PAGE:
Barely five minutes in, we’re already onto political correctness in Thomas the Tank Engine. ‘In the American version, you can’t have the ‘Fat Controller’ – he’s called Sir Topham Hatt over there,’ says composer Robert Hartshorne. ‘I think it’s the reference to the fatness that they don’t like. In Britain we’re a little less sensitive than that. We can take it.’
I consider admitting that I don’t remember the Fat Controller. It’s been far too long since I watched Thomas the Tank Engine, and even then I only did it to impress my ‘boyfriend’ at nursery school. For Hartshorne, however, Thomas the Tank Engine is a specialist subject. He is the man behind the music of the television series. And he can also count himself responsible for Thomas & Friends™: Sodor’s Legend of Lost Treasure, the latest film inspired by the grinning steam locomotive.
In two weeks, the Royal Philharmonic Orchestra will play music from the soundtrack in four concerts at Cadogan Hall, accompanied by a screening of the film. ‘It wasn’t designed ever as a single piece to be played by the orchestra,’ says Hartshorne, ‘so I’ve had to transform it.’ Does that involve a lot of work? ‘Yes,’ he says, in the voice of a man who is drowning, but trying not to show it. ‘Yes, you could say that.’
It’s a good job he likes Thomas the Tank Engine, though not to a worrying extent. ‘I can confirm that I’m not a trainspotter,’ he tells me. He got to know the books by reading them to his children. Though, at the time, he didn’t nurse dreams of setting them to music. His degree was in chemistry, and the extent of his musical qualifications he tells me proudly ‘was Grade 4 piano.’ But he had always loved music, despite not being allowed to study it at school (‘basically I wasn’t good enough’). So, after getting a ‘proper job’, as a Personnel Officer for BP, he taught himself composition, eventually getting commissions for corporate productions and cheap commercials. It was a happy, if terrifying day that he quit his job at BP – more than thirty years ago now – to devote himself entirely to music.
It wasn’t until 2003, however, that he began composing for Thomas the Tank Engine, a job that he now shares with his son, Peter. At that time, the music for the series was well and truly ‘stuck in the seventies and eighties,’ he says. Part of Hartshorne’s mission was to yank it up to date, which he did, by drawing on all sorts of musical influences: jazz, country, pop, rock, classical music and even Andrew Marr’s History of the World series, for which Hartshorne also composed the music. His opinion is that ‘there’s no such thing as children’s music. There’s just music. My wife led me to believe that, because she teaches four-year-olds and has played them things like Gershwin’s Rhapsody in Blue. They liked it.’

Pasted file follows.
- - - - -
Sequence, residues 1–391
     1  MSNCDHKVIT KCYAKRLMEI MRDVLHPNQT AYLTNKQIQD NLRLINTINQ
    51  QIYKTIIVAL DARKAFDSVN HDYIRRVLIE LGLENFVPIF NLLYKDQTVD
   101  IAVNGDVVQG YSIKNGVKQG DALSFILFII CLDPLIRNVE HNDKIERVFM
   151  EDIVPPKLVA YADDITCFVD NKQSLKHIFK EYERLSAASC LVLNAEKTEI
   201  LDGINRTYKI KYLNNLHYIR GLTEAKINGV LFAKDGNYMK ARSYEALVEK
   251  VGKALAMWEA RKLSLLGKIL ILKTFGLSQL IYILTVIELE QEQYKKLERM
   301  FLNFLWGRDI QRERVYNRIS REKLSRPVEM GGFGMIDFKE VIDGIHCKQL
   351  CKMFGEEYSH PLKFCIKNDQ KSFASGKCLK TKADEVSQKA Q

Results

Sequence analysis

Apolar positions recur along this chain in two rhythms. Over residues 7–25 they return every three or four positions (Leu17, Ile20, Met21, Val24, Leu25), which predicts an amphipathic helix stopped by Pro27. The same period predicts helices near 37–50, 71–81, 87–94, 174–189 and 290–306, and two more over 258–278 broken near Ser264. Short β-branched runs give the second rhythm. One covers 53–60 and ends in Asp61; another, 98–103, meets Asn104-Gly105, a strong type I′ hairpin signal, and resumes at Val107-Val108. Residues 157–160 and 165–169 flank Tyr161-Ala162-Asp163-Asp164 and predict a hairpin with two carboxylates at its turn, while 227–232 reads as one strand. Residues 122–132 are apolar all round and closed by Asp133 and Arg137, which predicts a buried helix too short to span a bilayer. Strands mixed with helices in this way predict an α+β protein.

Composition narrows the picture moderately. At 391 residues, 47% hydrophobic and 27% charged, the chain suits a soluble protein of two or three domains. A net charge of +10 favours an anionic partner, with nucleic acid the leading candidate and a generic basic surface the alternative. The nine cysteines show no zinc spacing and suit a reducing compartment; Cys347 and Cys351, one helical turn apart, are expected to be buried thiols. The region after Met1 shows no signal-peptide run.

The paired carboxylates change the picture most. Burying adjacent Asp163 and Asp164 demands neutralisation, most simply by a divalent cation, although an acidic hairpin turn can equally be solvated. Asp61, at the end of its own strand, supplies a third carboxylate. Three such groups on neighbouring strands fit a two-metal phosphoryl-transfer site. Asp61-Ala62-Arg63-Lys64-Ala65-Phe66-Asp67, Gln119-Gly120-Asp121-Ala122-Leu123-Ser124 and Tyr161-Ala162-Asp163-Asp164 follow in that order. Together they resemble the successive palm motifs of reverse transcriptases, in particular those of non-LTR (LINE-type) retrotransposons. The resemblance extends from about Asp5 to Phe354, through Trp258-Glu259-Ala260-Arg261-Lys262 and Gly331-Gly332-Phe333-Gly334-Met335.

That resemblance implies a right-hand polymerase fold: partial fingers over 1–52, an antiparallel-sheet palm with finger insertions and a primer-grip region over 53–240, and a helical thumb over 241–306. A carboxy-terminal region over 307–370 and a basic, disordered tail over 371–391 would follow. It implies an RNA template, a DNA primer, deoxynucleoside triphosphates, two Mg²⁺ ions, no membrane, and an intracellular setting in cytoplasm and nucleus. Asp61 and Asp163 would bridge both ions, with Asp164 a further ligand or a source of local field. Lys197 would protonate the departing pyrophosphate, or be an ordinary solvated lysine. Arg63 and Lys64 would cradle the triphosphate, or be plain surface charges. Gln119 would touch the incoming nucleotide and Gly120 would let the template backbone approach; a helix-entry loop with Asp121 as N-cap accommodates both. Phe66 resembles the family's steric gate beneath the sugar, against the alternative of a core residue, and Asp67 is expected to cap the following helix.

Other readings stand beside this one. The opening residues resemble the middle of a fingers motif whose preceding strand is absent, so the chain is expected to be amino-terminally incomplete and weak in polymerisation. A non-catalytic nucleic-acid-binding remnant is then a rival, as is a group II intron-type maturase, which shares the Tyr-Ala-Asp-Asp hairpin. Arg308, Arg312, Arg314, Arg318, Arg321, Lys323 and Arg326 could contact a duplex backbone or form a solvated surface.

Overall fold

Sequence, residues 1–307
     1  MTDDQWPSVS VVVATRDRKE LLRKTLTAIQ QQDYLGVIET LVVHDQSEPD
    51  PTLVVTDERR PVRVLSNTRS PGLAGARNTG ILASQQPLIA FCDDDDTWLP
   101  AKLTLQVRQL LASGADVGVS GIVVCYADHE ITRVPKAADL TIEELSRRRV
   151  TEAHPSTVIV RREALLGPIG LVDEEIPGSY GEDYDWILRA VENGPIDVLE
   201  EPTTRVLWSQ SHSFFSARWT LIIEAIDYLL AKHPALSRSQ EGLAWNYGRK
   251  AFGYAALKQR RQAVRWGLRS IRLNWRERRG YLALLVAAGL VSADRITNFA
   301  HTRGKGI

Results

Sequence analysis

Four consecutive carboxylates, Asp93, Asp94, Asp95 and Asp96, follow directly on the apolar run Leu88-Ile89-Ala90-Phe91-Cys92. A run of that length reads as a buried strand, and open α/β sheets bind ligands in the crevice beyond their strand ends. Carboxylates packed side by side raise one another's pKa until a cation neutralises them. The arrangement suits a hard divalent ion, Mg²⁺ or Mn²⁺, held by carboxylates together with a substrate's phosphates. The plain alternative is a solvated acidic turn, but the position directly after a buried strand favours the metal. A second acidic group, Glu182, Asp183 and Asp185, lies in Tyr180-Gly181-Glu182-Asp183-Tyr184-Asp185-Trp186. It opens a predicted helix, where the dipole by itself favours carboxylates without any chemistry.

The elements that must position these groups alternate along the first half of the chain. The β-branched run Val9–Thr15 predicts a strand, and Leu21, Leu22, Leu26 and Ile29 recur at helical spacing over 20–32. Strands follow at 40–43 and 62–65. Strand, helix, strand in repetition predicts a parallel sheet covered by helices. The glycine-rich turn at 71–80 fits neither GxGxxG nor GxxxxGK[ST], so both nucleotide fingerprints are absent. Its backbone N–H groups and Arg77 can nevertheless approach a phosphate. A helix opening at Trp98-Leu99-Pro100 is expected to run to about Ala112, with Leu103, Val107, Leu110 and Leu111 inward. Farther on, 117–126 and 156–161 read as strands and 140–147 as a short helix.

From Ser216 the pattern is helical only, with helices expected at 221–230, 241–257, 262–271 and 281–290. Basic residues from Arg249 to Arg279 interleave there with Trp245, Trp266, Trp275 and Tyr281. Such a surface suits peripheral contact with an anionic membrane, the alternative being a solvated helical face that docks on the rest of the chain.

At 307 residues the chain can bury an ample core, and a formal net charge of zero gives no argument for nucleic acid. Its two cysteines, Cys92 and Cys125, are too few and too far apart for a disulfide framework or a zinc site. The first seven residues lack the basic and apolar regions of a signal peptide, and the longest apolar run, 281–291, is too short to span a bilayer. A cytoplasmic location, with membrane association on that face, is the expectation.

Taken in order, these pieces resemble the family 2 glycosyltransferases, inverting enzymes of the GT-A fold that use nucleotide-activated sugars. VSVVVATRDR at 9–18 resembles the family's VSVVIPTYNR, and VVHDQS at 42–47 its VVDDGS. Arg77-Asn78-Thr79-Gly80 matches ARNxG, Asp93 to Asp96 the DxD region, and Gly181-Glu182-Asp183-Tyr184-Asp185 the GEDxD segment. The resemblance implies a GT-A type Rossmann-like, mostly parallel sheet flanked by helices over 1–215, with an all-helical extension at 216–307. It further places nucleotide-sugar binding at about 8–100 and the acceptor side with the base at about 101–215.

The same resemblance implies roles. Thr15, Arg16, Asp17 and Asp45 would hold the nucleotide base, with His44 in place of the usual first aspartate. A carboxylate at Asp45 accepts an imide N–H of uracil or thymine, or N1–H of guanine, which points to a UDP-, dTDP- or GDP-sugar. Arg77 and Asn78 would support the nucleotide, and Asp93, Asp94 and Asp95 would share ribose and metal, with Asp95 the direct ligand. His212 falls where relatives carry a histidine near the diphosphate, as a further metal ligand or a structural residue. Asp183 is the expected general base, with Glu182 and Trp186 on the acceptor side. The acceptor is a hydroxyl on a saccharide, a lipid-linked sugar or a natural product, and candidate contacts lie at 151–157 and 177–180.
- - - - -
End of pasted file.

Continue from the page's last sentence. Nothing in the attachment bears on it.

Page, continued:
Thomas & Friends: Sodor’s Legend of Lost Treasure has allowed Hartshorne, more than ever, to put that philosophy into practice. For one thing, it was the first Thomas the Tank Engine movie to use a real orchestra, as opposed to synthesized sound. ‘Composing for orchestra is hair-raising if you’re not doing it on a daily basis. You think “is that going to work? Have I got enough strings?” Then you get in to the studio and you think, “Oh yeah, I got away with it”,’ he says.
What he particularly loved about the experience was the chance to play with ‘a broader palette’, as he puts it: ‘In the film, there are mountainsides falling down, trains escaping through valleys, rivers flooding. The disasters are bigger and longer than in the series, so we had the chance to build bigness into it.’
And he’s not afraid to push the sense of danger: ‘My own personal view is that you can go as dark and dangerous as you like, but as long as it ends on a moment of ‘phew’, then it’s alright. Kids will take being scared. And I don’t want to worry you.’ He adds, ‘It does all come alright in the end.’
Written by Hannah Nepil
The Royal Philharmonic Orchestra performs music from Thomas & Friends: Sodor’s Legend of Lost Treasure at Cadogan Hall on Wednesday 26 and Thursday 27 August, accompanied by a screening of the film.